South Carolina linebacker Sherrod Greene and his teammates are allowing 145 rushing yards per game, 10th in the SEC. Travis Bell/Sideline Carolina

COLUMBIA — Ask a simple question, get a technical reply.

“The run fits have got to be right, and sometimes we've lost our eyes on some things,” South Carolina head coach Will Muschamp said when asked about the play of his linebackers. “And we got to just clean up some fits in the run game to make sure we're right in those situations.”

Translation: The Gamecocks’ linebackers need to be better. Their statistics aren't bad, but the number of tackles only tells so much, especially since many of them are coming on the second or third try after the ball-carrier is 10 or 15 yards past first contact.

“Run fits” is often used to explain the problem. Simply, fitting the run is having a defender in every gap a running back could potentially run through. Fit ’em all and the back either gets brought down for little to no gain or has to aim for the edge of the line, which if gap responsibility is being upheld, promises another chance for little to no gain.

The defensive linemen have been doing a good job of fitting the run in their gaps. Javon Kinlaw is having a great season, as are Kobe Smith and steadily improving true freshman Zacch Pickens.

USC unveiled a three-linebacker look (Sherrod Greene, Ernest Jones, T.J. Brunson) to start against Missouri, but it was a stopgap. With the defense having to stay on the field for so many first-half snaps, it wore down. And as Mizzou quarterback Kelly Bryant began seeing linebackers matched on his receivers, he was able to complete too many passes in the second half.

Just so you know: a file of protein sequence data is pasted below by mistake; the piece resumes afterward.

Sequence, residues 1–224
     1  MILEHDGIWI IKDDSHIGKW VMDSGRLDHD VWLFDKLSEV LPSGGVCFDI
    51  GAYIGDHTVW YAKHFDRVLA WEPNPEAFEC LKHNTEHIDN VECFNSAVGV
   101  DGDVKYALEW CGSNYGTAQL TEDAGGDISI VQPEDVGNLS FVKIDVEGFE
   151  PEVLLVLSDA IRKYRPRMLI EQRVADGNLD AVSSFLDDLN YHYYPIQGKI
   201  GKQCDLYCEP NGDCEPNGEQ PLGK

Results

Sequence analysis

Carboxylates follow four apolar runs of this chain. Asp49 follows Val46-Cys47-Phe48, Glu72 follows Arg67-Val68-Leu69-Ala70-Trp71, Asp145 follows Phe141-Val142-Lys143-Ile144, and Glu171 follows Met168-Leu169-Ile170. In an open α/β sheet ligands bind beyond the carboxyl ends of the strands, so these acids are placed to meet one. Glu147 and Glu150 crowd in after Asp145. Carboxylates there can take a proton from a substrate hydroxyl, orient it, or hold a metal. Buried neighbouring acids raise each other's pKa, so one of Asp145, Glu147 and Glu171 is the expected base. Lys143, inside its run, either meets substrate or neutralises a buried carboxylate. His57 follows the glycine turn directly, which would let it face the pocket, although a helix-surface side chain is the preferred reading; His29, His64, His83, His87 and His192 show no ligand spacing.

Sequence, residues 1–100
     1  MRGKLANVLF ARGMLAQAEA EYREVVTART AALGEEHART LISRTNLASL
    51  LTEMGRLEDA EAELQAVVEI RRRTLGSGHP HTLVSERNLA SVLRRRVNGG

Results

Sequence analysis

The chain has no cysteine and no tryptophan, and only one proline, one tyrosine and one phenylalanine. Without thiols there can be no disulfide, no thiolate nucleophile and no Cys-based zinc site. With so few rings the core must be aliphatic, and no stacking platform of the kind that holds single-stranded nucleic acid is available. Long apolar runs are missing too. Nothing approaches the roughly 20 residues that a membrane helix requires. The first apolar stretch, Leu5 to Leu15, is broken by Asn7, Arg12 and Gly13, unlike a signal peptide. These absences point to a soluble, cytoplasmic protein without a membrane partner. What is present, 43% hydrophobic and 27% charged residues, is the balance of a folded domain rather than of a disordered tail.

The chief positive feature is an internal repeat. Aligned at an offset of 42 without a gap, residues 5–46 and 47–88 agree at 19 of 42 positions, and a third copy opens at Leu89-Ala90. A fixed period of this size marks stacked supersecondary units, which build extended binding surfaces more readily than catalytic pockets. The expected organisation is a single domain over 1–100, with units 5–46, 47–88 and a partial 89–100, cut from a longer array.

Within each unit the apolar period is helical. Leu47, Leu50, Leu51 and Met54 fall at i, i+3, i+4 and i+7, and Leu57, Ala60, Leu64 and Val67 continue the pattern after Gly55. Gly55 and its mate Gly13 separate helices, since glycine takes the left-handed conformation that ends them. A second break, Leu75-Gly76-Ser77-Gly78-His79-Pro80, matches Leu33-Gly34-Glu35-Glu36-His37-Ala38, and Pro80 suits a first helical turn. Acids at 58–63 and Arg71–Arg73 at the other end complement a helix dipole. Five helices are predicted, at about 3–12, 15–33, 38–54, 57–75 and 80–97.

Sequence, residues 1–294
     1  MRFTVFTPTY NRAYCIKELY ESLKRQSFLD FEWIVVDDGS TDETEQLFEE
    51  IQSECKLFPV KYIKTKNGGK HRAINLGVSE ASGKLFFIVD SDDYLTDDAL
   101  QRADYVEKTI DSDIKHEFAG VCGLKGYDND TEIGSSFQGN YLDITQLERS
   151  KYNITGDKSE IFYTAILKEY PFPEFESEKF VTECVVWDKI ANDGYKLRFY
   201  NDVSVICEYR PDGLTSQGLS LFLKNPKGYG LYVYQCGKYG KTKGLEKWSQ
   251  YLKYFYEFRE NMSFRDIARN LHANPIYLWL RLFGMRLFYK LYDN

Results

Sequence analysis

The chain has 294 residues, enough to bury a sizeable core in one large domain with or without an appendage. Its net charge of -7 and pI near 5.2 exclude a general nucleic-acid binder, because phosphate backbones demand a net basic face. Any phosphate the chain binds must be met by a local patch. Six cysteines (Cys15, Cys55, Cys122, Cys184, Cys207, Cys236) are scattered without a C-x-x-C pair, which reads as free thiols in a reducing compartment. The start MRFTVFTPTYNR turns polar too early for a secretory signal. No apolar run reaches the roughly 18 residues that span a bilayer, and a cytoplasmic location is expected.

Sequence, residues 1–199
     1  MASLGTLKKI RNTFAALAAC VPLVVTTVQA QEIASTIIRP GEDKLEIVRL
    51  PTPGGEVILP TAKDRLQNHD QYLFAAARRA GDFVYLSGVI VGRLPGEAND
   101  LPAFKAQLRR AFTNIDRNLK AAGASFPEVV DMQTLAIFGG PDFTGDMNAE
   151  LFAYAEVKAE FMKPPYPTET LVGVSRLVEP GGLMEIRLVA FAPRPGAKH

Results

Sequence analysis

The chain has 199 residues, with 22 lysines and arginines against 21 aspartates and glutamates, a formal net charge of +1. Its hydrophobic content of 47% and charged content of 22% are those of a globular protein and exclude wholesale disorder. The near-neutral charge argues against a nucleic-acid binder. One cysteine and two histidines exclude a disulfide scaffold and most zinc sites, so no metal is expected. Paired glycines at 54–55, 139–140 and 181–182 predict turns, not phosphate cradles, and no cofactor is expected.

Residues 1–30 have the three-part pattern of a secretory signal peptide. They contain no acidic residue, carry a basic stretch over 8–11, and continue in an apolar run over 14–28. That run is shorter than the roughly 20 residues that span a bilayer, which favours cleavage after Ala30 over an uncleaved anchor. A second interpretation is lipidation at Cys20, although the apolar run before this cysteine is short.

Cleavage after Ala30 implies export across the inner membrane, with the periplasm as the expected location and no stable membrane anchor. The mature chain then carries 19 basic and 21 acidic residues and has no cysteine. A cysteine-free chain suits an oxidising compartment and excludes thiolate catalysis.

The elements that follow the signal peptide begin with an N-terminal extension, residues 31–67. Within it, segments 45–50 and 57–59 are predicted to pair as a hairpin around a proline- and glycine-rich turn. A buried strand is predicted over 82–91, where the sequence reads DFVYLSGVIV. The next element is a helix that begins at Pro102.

“We have to continue just to do our jobs, just do it at a high level and do it better than how we’ve been playing,” Jones said. “Just have to tackle better, get everybody lined up quicker and when plays come to us, we have to make them.”

The Gamecocks want to “play behind their pads,” which means tackle with their shoulders. Otherwise, ball-carriers are able to stiff-arm, spin or run through first contact.

They want to bring “heavy hands” to their roles, where a forearm can be used to fight off a receiver who’s jostling for the ball.

They are asked to “bring their feet” on a tackle, meaning never stop moving when about to make a tackle. Don’t stand and wait, bent at the waist and arms outstretched for the guy to come to you; keep those legs churning and go get him.

USC is allowing 145 rushing yards per game, 10th in the SEC. On Saturday, Kentucky may have to lean on the run with starting quarterback Sawyer Smith injured and listed as questionable. This game could be a good indicator of how much the Gamecocks have improved.

If they have.

Follow David Cloninger on Twitter @DCPandC.

From Rock Hill, S.C., David Cloninger covers Gamecock sports. He will not rest until he owns every great film and song ever recorded.

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